Jordan has foiled a "terrorist plot" and arrested 11 Al-Qaeda suspects who planned to carry out suicide attacks against shopping malls, foreigners and diplomatic missions, Petra news agency reported on Sunday.
"The General Intelligence Department has foiled a terrorist plot against national security, by an 11-member terrorist group linked to Al-Qaeda's ideology," it said.
The suspects were planning to launch a wave of attacks targeting shopping malls, diplomatic missions, foreigners, hotels and other key sites using explosives, car bombs, machineguns and mortars, the state news agency said.
They were arrested before they could carry out their plot, it said, adding that the intelligence services had been alerted and were monitoring the suspects' moves.
A judicial source told AFP that the case had been referred to the prosecutor of the state security court -- a military tribunal -- who has begun questioning "11 Jordanian nationals from Salafist movements."
"They will face two charges: conspiracy to carry out terrorist acts and possession of explosives," said the source who declined to be named. The charges carry the death penalty.
Petra also published pictures of the 11 suspects.
Information Minister Samih Maayatah told a news conference, meanwhile, that the 11 suspects had entered Jordan from neighbouring Syria.
"The prisoners came across the border from Syria and were caught red-handed," he said, adding that authorities seized weapons and maps showing the locations of the sites they planned to attack.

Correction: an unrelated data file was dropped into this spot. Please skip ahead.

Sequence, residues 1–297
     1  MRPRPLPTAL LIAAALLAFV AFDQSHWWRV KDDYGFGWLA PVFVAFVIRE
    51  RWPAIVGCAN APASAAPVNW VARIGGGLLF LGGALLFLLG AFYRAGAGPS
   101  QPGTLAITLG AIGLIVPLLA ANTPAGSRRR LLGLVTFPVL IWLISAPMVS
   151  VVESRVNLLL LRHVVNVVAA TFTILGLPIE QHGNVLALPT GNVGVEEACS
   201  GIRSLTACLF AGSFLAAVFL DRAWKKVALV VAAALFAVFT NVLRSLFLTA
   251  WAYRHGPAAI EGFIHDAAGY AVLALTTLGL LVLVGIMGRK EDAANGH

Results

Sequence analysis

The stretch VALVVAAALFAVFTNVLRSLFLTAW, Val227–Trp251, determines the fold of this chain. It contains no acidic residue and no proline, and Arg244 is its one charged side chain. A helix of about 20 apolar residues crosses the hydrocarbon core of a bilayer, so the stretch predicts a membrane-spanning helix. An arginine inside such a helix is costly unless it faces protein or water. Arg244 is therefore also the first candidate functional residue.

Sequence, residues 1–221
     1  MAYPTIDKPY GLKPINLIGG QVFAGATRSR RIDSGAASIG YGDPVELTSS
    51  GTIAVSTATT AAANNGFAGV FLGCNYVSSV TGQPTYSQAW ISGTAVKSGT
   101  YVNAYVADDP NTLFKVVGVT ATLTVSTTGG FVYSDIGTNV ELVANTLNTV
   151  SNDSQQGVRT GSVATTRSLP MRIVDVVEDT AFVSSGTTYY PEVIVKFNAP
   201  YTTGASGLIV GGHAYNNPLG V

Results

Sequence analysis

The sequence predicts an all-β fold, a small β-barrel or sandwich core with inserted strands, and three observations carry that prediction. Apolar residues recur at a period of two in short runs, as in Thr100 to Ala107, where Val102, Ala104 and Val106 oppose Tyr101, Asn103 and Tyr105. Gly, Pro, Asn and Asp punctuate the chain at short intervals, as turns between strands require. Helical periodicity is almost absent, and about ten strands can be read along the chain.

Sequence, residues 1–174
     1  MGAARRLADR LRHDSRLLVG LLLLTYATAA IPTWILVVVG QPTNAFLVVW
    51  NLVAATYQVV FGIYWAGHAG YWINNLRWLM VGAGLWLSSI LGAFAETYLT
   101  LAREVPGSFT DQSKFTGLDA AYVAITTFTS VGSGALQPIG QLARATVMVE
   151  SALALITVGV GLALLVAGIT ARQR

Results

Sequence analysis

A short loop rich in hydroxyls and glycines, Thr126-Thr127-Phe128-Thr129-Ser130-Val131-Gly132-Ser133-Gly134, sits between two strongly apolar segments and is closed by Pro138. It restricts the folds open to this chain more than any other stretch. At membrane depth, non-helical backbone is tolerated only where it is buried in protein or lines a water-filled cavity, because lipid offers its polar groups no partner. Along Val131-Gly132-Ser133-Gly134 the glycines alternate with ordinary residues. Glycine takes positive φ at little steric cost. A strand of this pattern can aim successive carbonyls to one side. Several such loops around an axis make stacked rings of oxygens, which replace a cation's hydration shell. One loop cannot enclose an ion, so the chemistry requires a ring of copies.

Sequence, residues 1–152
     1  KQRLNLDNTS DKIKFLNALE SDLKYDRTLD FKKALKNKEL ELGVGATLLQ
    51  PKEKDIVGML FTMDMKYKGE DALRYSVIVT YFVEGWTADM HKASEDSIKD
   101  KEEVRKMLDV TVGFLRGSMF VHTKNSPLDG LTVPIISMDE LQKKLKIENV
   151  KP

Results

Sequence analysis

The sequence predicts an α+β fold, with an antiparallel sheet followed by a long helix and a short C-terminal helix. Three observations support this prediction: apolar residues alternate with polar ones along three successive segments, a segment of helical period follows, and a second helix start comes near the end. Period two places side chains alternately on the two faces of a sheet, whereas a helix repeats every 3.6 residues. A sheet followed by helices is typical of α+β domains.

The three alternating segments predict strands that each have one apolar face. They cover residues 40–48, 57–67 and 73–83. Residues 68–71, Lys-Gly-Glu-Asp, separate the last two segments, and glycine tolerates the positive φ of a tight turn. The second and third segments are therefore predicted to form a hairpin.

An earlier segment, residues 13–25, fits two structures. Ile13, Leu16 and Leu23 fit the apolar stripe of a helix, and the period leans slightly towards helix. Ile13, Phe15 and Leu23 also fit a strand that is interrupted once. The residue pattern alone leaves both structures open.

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Petra said the group had planned "to terrorise the Jordanian people and sow chaos" in the kingdom.
The suspects, it said, consulted through the Internet with Al-Qaeda explosive experts in Iraq.
They scouted possible targets in Amman, experimented with explosives after obtaining the raw materials to make bombs, and began selecting candidates to carry out suicide bombings, the agency said.
Among their initial plans were bids to target two malls as well as carry out a major attack in the upmarket Abdoun neighbourhood in western Amman, home to diplomatic missions, restaurants and cafes and residential areas.
Key US ally Jordan is one of the safest countries in the conflict-riddled Middle East, but it too has seen its share of Al-Qaeda-linked violence.
In 2005, triple suicide bomb attacks at luxury hotels in the capital Amman killed 60 people.
Slain Al-Qaeda in Iraq leader Abu Musab al-Zarqawi had claimed responsibility for planning those attacks. He had also been sentenced to death by a Jordanian court for the October 2002 murder of a US diplomat in Amman.
Sunday's announcement that attacks have been foiled comes days after several reports that Jordanian authorities have arrested jihadists in recent months who cross into Syria to join the anti-regime armed insurgency there.
And last Thursday a Salafist leader told AFP that two cousins of Zarqawi had been arrested after returning home from Syria.
Jordan-born Zarqawi was killed in an air strike by the US military in Iraq in 2006.